Luckily, I was roleplaying with a group of friends who had a ton of patience with that character -- but if I had just started roleplaying with a group of strangers, I may have put them off. If people can't understand what your character is saying, then they aren't going to understand who your character is. And without that, there's not much to keep other roleplayers interested. So put your accent in there as much as you'd like -- but keep other players in mind when you're doing it!
What is your feelings on RP guilds integrating themselves into the lore, Scarlets or like the Caelestis Templares on Silverhand?
The nice thing about roleplay is that it's a creative exercise. It's a license to use your creativity in any way you want. The downside to that is that roleplay is very much a social activity, so you're going to be interacting with other people. When you choose to integrate yourself with the lore, whether it's as a group or an individual, there is the possibility that you are going to rub some people the wrong way -- and that means fewer people are going to want to roleplay with you.
When you're integrating yourself into the lore, you're essentially trying to write the lore yourself and place yourself into it, whether it's a major starring role or a side character. Either way, what you're essentially trying to do is write Blizzard's story for them -- and a lot of people are going to frown on that. If you're OK with that, then by all means, go nuts!
But there's another, bigger thing you have to watch out for. The thing is, Blizzard has the final say as far as what's in lore and what isn't -- and it can change that lore at the drop of a hat. So when you integrate yourself into the lore, you're running the risk that your character or group could be invalidated by the lore at a moment's notice. Take a group of roleplayers that chooses to make itself part of the Scarlet Crusade. It's an awesome concept, and the Scarlet Crusade has a lot of history behind it, so it's bound to be fun, right?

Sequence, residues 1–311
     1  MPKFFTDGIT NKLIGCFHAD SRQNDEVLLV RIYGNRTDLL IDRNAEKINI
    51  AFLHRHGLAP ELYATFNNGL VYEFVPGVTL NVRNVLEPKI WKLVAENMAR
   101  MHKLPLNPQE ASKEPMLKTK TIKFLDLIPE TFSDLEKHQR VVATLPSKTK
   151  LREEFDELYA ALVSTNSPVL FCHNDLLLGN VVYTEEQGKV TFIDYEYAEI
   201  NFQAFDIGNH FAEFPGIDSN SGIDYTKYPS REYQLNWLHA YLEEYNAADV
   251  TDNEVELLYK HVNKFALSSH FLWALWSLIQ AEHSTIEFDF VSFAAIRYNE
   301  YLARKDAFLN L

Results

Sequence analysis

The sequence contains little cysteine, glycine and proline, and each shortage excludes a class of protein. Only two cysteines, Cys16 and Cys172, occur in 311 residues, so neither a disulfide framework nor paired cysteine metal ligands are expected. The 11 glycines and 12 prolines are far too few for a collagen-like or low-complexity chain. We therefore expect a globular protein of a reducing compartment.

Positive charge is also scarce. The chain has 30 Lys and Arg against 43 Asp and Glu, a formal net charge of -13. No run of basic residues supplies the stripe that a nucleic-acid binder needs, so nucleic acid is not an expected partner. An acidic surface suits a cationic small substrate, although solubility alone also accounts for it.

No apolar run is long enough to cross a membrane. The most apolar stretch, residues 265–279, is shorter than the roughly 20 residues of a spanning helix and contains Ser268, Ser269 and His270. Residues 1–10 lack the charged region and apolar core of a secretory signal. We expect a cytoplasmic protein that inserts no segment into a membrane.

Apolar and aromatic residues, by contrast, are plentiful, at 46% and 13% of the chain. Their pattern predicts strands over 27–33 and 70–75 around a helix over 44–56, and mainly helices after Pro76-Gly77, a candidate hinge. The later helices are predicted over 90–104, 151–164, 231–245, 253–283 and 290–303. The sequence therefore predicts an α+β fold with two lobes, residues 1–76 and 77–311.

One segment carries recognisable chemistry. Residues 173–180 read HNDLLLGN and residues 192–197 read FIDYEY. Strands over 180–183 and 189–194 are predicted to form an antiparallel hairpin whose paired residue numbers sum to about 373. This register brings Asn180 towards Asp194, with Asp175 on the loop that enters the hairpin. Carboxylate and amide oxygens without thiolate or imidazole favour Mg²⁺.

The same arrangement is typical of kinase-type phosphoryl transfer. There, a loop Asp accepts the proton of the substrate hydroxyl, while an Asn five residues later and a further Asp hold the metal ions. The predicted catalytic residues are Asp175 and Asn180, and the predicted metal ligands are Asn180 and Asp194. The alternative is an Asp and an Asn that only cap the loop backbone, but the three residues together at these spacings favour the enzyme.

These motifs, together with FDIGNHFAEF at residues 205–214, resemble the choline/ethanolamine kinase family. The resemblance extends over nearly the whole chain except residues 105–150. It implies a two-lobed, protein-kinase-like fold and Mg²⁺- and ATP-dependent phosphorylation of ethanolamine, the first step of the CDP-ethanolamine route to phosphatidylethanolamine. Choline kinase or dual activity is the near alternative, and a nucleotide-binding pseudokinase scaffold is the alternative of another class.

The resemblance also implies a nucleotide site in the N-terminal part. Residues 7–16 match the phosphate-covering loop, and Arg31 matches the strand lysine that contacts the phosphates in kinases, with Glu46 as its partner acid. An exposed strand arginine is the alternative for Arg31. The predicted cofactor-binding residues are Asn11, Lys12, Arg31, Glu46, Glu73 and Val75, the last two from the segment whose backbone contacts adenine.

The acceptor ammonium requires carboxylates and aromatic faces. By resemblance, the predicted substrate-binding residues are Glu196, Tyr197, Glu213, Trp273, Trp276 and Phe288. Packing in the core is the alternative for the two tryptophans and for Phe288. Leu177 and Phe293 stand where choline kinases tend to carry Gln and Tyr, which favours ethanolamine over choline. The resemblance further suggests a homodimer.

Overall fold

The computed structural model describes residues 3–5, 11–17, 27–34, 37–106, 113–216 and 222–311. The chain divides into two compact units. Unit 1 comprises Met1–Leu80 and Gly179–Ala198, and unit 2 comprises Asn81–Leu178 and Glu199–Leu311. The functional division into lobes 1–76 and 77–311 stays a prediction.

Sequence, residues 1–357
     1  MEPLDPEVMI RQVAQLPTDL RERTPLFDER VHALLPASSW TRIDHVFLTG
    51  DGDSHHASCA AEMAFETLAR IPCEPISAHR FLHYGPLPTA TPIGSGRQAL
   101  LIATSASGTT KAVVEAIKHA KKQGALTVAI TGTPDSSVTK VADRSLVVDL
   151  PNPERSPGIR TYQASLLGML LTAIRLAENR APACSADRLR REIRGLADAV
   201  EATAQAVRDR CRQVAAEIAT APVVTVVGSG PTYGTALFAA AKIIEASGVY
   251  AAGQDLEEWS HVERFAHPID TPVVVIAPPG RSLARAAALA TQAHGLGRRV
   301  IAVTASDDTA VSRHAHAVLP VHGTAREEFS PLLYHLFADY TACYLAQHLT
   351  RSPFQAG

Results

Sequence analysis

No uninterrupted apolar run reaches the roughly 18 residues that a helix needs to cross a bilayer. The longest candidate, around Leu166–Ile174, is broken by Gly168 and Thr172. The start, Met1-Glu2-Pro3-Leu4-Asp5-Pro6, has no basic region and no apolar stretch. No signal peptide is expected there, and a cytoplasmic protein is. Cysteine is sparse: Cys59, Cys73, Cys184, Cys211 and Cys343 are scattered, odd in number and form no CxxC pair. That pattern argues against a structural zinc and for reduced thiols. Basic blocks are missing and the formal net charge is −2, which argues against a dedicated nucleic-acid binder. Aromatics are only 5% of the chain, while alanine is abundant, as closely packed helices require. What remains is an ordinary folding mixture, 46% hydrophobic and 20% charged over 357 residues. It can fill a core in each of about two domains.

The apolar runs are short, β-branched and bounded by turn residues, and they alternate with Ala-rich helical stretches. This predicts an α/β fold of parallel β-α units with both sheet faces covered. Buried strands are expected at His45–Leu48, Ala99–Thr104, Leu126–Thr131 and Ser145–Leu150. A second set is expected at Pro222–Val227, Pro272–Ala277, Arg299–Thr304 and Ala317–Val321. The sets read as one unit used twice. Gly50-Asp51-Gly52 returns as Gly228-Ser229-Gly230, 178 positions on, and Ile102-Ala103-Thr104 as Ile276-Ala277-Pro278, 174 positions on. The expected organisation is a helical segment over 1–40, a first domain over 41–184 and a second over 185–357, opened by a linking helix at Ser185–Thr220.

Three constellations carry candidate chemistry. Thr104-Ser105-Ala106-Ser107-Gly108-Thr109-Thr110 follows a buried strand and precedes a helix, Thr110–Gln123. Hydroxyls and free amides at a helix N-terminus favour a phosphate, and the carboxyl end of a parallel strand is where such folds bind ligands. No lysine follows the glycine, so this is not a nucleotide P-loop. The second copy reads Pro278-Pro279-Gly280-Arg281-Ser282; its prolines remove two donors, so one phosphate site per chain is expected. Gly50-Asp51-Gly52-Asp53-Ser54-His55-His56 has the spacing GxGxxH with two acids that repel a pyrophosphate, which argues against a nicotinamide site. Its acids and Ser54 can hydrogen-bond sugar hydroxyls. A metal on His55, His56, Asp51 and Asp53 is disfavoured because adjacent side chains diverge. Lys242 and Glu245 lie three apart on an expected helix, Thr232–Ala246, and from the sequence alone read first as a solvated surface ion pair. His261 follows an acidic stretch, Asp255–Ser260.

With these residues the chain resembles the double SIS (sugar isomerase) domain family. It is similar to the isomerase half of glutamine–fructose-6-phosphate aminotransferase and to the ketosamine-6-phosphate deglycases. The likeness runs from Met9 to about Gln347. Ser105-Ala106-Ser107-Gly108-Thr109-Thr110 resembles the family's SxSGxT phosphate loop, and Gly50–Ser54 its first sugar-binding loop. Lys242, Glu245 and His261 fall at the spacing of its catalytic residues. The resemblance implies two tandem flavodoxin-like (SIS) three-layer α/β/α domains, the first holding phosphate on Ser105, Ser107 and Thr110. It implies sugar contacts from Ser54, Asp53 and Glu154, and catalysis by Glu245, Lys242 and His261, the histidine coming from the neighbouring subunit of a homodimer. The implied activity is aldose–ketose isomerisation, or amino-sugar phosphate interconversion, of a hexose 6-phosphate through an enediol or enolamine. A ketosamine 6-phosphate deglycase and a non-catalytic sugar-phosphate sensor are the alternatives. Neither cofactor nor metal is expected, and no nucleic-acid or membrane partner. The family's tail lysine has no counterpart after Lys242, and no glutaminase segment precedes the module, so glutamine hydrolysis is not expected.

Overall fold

Except that in Cataclysm, most of the Scarlet Crusade has been completely obliterated, either killed or (worse yet) killed and resurrected as the Risen out in the Eastern Plaguelands. So what do you do with your organization when that organization has pretty much been wiped out? There are ways around the problem, of course, and clever roleplayers can find a way to work with the lore and adapt -- but at the same time, this sort of scenario almost creates more problems than it's worth.
Question for RP: What's the best way to retcon your player's history if you're embarrassed about how badly it was done?
That is a wonderful question, and I've actually written an article that addresses it! If you're wanting to just retcon your character's history, all you should need to do is change it and then inform those people you roleplay with that it has changed and how. You may even want to fill them in on why! It might sound a little embarrassing to do, but at the same time, pointing out the flaws in your original story, why they aren't working, and what you're doing to fix them might motivate people to look at their own character histories and make adjustments as well.
If people are having a hard time adjusting to the fact that your character's history has changed, you may want to simply reboot the character altogether. Change their features via a quick trip to the barber shop, or if you're wanting really drastic, pay for a name change or a character recustomization, while you're at it. It's sometimes hard to admit to friends that you were doing something incorrectly, but honestly, most players should appreciate the fact that you're making a concerted effort to fix your character.
All the World's a Stage is your source for roleplaying ideas, innovations and ironies. Let us help you imagine what it's like to sacrifice spells for the story, totally immerse yourself in your roleplaying or even RP on a non-RP realm!
Filed under: All the World's a Stage (Roleplaying)